Fighting for rights, from indigenous Australians to Palestinians

As the Gaza Flotilla 2 is soon to sail – despite attempts to sabotage the boats and other delays – what makes the attempt so moving are the personal stories of people who speak up for Palestine, despite the (almost) comical moves to smear them. Amira Hass profiles two Australians, both of whom I know and admire:

This is not the first time that Sylvia Hale, 69, has been asked why she is so active for the Palestinian cause. What about the discrimination against the Aborigines in her own country, Australia, for example?

Hale, a former Green Party parliamentarian who is still active in the party, immediately responded: “Undoubtedly, Australia has a very racist history. Aborigines were give the right to vote only in 1967. But whoever asks us ‘what about the Aborigines,’ are not the ones who are interested in their rights, and not the ones fighting for those rights. They are using this as a diversionary tactic for evading the debate over Israel’s policy, or to delegitimize criticism of Israel.”

And yes, for anyone who is interested: She was and remains involved in other struggles. She has rallied against the initiative to limit the rights of the Aborigines, fought the discriminatory attitude toward refugees in Australia and opposed the policy of stopping boat refugees.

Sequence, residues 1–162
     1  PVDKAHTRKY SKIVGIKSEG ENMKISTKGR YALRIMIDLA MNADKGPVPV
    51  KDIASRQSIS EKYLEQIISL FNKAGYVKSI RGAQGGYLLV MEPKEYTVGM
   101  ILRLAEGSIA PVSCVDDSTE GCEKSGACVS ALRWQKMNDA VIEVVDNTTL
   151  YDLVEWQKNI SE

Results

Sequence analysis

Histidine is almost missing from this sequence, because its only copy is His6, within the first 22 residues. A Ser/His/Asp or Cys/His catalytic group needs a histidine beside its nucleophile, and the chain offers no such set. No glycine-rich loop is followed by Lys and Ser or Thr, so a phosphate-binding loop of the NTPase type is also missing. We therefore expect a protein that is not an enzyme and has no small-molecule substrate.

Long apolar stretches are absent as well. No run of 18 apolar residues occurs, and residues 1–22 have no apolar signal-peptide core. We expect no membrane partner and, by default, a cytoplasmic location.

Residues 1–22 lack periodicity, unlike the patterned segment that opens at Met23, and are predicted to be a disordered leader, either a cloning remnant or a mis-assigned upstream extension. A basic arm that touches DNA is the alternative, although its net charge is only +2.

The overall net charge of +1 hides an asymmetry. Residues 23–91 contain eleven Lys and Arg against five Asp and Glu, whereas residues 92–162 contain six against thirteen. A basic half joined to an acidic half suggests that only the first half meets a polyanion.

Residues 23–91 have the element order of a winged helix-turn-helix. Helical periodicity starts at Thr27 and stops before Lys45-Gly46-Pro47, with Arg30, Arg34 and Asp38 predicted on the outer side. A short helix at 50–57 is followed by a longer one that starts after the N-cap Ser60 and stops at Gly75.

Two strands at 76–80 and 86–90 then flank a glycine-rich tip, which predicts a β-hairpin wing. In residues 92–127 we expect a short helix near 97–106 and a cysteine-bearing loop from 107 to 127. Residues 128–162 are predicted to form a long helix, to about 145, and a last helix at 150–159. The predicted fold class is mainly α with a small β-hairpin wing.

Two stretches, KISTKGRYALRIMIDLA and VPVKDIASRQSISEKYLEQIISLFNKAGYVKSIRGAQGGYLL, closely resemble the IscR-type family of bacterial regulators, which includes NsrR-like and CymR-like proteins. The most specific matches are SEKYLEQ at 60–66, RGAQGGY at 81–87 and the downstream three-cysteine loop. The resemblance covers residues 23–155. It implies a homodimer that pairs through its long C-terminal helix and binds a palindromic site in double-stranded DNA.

Prior to entering parliament, she hid two refugees in her home so that they would not be arrested.

This week Hale and three of her compatriots will climb on board the Tahrir, the Canadian ship that is participating in the flotilla to the Gaza Strip. She and her Australian colleagues traveled the greatest distance of all the participants. Their flight lasted 48 hours, including the stops in various airports.

Hale and her friend, Vivienne Porzsolt, also 69, give the impression of being typical Western tourists, middle class, middle aged, staying at the hotel where the passengers of the Tahrir have gathered.

But Porzsolt’s involvement also stems directly from being Jewish, she says. “My activism against the Israeli occupation is linked to my Jewish-secular background, the values of equality and morality in the home of my parents [who were] natives of Prague who managed to escape from it immediately following the Nazi occupation in March, 1939. During the 1990s the Jewish element in my life became stronger and I became more interested in the Israeli-Palestinian issue. Because Israel considers itself the country that represents all the Jews of the world, my participation in this voyage is my way of declaring that Israel is not acting on my behalf.”

Text and images ©2024 Antony Loewenstein. All rights reserved.

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